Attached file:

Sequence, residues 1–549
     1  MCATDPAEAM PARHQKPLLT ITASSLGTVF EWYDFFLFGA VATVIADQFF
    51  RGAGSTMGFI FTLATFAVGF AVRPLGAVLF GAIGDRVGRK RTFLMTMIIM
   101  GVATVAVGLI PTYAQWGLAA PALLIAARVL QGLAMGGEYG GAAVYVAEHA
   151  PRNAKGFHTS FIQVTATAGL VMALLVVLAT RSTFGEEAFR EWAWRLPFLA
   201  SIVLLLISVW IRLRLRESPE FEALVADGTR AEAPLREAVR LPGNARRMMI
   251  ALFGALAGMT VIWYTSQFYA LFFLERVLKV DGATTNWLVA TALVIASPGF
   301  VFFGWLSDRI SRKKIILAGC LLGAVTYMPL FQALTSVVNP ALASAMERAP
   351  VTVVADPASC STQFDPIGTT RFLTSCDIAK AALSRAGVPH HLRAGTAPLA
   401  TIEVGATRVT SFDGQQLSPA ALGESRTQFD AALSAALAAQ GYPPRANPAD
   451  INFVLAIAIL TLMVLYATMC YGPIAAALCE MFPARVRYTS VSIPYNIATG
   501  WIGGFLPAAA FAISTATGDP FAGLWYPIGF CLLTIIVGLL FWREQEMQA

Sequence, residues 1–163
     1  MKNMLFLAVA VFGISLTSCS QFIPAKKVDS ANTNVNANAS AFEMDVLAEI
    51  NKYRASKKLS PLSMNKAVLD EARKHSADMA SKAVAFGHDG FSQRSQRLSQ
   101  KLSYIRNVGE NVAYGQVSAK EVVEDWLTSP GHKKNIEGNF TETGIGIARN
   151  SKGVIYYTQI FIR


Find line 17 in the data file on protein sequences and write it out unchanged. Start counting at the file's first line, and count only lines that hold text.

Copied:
   151  SKGVIYYTQI FIR